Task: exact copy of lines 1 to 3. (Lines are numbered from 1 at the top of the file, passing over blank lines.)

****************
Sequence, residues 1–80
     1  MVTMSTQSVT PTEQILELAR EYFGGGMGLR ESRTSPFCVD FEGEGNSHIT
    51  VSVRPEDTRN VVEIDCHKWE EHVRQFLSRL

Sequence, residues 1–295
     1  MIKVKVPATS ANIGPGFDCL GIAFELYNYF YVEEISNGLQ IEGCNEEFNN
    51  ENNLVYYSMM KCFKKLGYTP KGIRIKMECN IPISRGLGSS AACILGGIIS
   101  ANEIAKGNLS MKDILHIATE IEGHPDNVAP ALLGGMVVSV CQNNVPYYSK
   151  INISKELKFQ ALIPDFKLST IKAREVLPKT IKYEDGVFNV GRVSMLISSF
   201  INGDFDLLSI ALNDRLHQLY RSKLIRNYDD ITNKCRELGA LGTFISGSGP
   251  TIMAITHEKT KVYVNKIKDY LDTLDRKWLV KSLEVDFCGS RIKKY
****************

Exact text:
Sequence, residues 1–80
     1  MVTMSTQSVT PTEQILELAR EYFGGGMGLR ESRTSPFCVD FEGEGNSHIT
    51  VSVRPEDTRN VVEIDCHKWE EHVRQFLSRL